Aircraft serving UAE set to treble in the next 20 years
The outlook for the UAE's aviation sector is highly promising over the next 20 years, as the number of aircraft serving the UAE will treble, thanks to a growth in tourism and an increase in demand for more passenger seats, according to a new forecast released on Sunday.
The 2019 Airbus Global Market Forecast released on the first day of the Dubai Airshow 2019 predicted a UAE passenger traffic growth of 5.8 per cent per annum over the next 20 years. The fleet size of operators serving the UAE from all regions will nearly treble to around 1,730 aircraft by 2038 from around 630 in 2019. This includes 750 small category aircraft and 980 medium and large aircraft serving the UAE market by 2038.
The aircraft manufacturer predicted that UAE-India, UAE-Pakistan, Saudi Arabia-UAE, UAE-Egypt, and UAE-UK will be fastest growing route networks over the next 20 years. It predicted that Asia Pacific will see the highest growth, increasing 3.6 times from over 20 million passengers to over 80 million passengers by 2038, followed by the Middle East at 2.8 times growth, Europe at 2.5 times growth, and Africa at 3.4 times growth.
Today, five of the world's aviation mega cities are in the Middle East, with both Dubai and Abu Dhabi within the UAE. These will more than double to eleven over the next 20 years, to include cities such as Muscat and Kuwait City.
"The UAE is a major market in the coming years. We expect the smaller aircraft to catch up, but it will still be a balanced market. The outlook for the region is bright because the UAE or Middle East is almost at the center of the world. You can get almost anywhere in 8 to 10 hours; so the larger aircraft will serve hub-to-hub, while smaller aircraft will be feeding those aircraft through domestic traffic," said Bob Lange, senior vice president for business analysis and market forecasts.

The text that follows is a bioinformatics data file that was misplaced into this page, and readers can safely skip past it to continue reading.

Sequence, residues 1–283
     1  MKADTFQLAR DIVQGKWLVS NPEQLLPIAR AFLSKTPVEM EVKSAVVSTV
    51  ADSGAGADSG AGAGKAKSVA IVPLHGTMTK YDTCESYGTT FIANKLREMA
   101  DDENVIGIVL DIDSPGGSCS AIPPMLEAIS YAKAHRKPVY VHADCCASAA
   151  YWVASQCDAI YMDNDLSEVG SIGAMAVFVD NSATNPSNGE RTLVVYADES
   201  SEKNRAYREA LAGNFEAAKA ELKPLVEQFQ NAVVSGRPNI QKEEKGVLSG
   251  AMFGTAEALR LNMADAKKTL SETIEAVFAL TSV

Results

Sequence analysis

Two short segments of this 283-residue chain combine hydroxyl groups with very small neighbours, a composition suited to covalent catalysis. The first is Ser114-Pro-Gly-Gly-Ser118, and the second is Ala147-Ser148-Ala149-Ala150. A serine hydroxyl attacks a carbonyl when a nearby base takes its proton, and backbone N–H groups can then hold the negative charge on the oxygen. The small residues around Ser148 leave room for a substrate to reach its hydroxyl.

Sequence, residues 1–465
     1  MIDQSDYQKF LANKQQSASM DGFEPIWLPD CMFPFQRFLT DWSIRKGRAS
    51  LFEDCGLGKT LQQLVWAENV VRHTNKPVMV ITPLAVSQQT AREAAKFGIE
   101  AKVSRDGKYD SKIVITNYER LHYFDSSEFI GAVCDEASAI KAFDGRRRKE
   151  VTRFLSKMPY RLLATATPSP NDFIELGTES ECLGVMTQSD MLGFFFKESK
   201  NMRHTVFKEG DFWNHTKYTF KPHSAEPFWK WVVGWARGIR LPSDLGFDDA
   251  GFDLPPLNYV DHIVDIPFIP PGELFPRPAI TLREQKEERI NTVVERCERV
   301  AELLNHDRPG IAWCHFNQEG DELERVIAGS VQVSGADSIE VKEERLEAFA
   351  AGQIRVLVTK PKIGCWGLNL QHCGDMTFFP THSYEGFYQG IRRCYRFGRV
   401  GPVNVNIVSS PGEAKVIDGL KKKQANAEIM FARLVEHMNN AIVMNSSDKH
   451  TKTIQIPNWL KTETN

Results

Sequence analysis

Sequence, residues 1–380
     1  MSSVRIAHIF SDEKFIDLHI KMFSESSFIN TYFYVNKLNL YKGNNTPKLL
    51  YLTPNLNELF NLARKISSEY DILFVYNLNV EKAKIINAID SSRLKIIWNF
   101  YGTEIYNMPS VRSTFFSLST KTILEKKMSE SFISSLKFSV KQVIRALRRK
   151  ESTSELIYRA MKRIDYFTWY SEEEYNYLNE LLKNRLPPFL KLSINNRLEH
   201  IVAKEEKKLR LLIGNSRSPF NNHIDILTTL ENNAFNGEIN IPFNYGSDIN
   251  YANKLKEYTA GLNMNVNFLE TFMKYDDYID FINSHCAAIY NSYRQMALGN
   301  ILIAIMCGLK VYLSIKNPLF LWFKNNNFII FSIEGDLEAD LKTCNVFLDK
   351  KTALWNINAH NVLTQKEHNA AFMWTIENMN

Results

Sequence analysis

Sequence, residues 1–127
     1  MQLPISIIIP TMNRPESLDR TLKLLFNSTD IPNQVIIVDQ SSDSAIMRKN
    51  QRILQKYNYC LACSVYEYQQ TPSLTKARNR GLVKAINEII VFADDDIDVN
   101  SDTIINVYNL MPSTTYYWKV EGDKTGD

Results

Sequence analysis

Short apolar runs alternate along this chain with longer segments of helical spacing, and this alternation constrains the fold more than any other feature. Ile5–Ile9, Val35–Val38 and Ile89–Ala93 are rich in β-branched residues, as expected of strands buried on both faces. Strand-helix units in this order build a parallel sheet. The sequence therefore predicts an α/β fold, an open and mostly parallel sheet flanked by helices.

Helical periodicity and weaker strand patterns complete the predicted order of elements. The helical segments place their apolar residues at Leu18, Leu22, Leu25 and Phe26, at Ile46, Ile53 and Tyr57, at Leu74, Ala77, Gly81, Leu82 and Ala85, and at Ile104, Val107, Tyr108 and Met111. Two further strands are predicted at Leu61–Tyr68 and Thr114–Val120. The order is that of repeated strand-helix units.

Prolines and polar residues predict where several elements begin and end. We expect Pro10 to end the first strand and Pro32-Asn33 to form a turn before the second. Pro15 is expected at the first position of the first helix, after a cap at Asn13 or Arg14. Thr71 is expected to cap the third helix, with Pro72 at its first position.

"Tourism will continue to be a key growth sector for the Middle East with commercial aviation a key enabler. Figures from the World Travel and Tourism Council indicate that tourism's contribution to Middle Eastern GDP is nearly nine per cent today," he said during a presentation at the Dubai Airshow 2019.
Mark Martin, CEO of Martin Consulting, said that the airlines in the Middle East will continue to see some sense of a working stability. "Yes, certainly do expect [regional] airlines to announce some intent with their future operational needs [at Airshow]," he said in response to a query about order possibilities during the Airshow.
"The next 10 years will be exciting for the company and the UAE's aviation industry," said Ismail Ali Mohammed Abdulla, CEO of Strata. "Internationally, when we talk about long-term, you will read some estimates of over 25 years where the world will require as high as 40,000 aircraft. We need to balance short to medium and long-term supplies. Over the next 18 months, we see some softening in demand, especially in the wide body aircraft that is why we'll be diversifying."
In the wider Middle East region, Airbus predicted that air passenger traffic will grow at a rate of 5.6 per cent per year, which is well above the global average of 4.3 per cent per annum. Over the same period, global freight traffic will see an annual increase of 3.6 per cent in line with the average global freight traffic growth. This will stimulate a requirement for some 3,200 aircraft out of a global requirement of 39,210 new passenger and freight aircraft.
As the aviation network and traffic continues to develop in the Middle Eastern region, Airbus forecasts a need for more than 50,000 new pilots and nearly 52,000 new technicians over the next 20 years. Boeing earlier said that the Middle East will need an additional of 3,130 airplanes worth $725 billion, hiring around 231,000 workforce including pilots, technicians and cabin crew over the next two decades.
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